Carmelo Anthony has shown flashes of the “old Melo” during his four game stint with the Trail Blazers. Can he keep it up for the next 64 games? It’s been a fun experiment so far, but his true value and ceiling have yet to be defined.
Carmelo Anthony has added energy, he carries a Hall of Fame aura, he’s been fun, the team loves him, and he’s coming off a 25 point performance. He’s got a hot hand right now. But let’s be clear, Carmelo Anthony, like it or not, will not be the determining factor that turns the Trail Blazers season around.
Currently, the Blazers are sitting at a 6-12 record and are just as close to last place in the conference as they are to the playoff picture. The Blazers were in the bottom third of the league in defensive rating before adding Carmelo, and to put it frankly, Carmelo Anthony makes the team even worse on the defensive side of the ball. Carmelo Anthony has a lot of positives to bring but all the good comes with bad and all the bad comes with good.
First off, Carmelo has exceeded expectations despite the 1-3 record since his return to the court. He has made it clear that his time with the Blazers “ain’t a damn farewell tour“. He’s here to compete, contend, and play his role in helping the Trail Blazers find their way back to the playoffs for the seventh consecutive season. So far, the six time All-NBA player and ten time All-Star is acing the test.
Through 4 games, Anthony is averaging 16 points, 5 rebounds, and 2 assists, while shooting over 39 percent from beyond the three-point line. Shooting a better percentage from deep than either Damian Lillard or C.J. McCollum is no small feat. Anthony’s numbers are great for any player in the league, let alone a player who went unsigned in the offseason and was added fourteen games in.
Compared to his ten game tenure with the Rockets last season, Carmelo has been much better this year. He averaged the exact same amount of minutes per game while only managing 13 points and 0.5 assists while shooting a lousy 32.8% from deep. The bulk of his offensive numbers are significantly improved this season, which is more than what the Blazers had asked for from the 35 year old.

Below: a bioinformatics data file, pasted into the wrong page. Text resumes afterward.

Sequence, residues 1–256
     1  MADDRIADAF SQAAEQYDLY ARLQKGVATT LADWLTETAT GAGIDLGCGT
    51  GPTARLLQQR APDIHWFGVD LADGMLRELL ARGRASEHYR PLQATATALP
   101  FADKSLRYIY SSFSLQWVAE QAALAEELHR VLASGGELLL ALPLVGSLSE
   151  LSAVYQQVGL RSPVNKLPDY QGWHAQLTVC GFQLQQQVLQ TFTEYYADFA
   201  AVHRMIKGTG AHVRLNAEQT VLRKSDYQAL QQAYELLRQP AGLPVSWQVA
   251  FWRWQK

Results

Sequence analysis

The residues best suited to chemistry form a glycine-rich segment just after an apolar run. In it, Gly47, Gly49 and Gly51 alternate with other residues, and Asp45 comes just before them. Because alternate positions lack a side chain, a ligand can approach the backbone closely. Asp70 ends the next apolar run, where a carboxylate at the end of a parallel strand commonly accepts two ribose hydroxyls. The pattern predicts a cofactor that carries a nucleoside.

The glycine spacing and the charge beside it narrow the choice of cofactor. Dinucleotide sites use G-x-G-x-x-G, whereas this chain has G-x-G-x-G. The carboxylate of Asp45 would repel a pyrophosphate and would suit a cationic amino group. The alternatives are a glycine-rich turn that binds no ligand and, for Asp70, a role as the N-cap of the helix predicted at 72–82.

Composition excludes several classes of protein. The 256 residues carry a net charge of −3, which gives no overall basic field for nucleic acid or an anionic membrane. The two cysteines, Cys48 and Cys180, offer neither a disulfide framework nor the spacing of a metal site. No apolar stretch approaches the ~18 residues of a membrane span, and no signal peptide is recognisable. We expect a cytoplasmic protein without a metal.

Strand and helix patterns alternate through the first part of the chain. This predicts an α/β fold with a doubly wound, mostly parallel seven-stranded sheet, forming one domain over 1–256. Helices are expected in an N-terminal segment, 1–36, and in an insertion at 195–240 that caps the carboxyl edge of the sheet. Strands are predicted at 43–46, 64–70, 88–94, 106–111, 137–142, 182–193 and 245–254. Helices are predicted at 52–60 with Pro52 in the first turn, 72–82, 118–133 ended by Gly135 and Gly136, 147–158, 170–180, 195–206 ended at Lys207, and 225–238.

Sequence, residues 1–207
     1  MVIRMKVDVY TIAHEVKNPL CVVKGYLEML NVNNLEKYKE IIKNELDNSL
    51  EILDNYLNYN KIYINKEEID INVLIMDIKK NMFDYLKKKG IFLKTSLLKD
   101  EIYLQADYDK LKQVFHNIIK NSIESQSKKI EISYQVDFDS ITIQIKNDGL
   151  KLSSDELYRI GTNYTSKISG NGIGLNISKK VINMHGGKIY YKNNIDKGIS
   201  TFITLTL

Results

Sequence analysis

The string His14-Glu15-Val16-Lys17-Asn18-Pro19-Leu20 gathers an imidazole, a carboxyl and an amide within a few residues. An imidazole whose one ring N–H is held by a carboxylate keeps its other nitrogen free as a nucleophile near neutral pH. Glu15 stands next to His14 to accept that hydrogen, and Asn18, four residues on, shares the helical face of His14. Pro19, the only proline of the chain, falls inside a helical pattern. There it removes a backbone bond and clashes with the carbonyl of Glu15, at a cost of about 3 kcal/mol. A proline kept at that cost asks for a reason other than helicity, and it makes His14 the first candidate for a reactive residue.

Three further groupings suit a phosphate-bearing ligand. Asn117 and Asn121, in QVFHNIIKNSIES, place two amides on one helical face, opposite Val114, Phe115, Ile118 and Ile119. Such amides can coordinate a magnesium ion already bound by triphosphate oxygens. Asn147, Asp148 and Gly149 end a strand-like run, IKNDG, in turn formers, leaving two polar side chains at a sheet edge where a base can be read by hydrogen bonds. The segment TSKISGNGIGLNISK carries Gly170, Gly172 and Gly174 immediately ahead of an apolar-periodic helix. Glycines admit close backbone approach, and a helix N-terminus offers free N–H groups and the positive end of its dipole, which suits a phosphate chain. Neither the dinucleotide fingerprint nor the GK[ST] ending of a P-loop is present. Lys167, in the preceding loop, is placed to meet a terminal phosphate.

With the Trail Blazers, the pros have outweighed the cons with the Carmelo Anthony signing. The most important of all the pros being that Anthony has seemingly bought into his role on the team. Of course, it’s easy to buy in when immediately inserted into the starting lineup, given plenty of opportunity to showcase his iso-ball talent, and being handed 30-ish minutes per night. Nevertheless, having Carmelo’s full buy-in will do just as much for the success of the team as his sixteen points per game will.
Secondly, the chemistry has been there from the jump. It’s as obvious as can be that the team rallies around Anthony and is given an extra energy boost when he hits his shots. The bench mob celebrating his every shot, and the entire team imitating his signature “3 to the dome” motion is truly a beautiful sight.
Thirdly, when it comes to the value that Carmelo Anthony brings the team, the ability to shoulder a chunk of the offensive burden at times is priceless. Lillard and McCollum have been the guys to do it all for the Blazers the past few seasons, and the Blazers have yet to stray from that offensive game plan. Now, with Anthony possessing the ability to score and handle a handful of offensive possessions on his own, the risk of a complete burnout from 82 games of reliance on Lillard and McCollum is unquestionably lessened.
Yet again, all the good comes with bad. For every positive statistic, there is a negative one that follows. He is averaging two and half turnovers per game, is fouling opponents more often than any other Trail Blazer, and is shooting a lower percentage from the field than all but three other players on the roster.
Further, Anthony has posted a net defensive rating of over 120 in two of his four games in a Blazer uniform. Currently, the worst defensive rating of any team in the league is just over 115. This is, well, not a great stat for Melo especially on a team that already struggles defensively.
At the end of the day, the numbers don’t lie. Carmelo Anthony is a tremendously talented offensive player, and his presence alone adds a value to this team that no other free agent could have brought. But his defensive liabilities will continue to be exposed as the Blazers allow teams to pick apart their broken defense.
To answer the original question, Carmelo Anthony’s ceiling as a player is not much higher than the performance we saw against the Chicago Bulls on Monday night and as a team, the Blazers ceiling is not much higher than it was before he was signed. Still there is every reason in the world to be excited about Anthony’s time with the Blazers. If nothing else, he is a legend, and the Rip City faithful should enjoy every second of it.
(All statistics from stats.nba.com )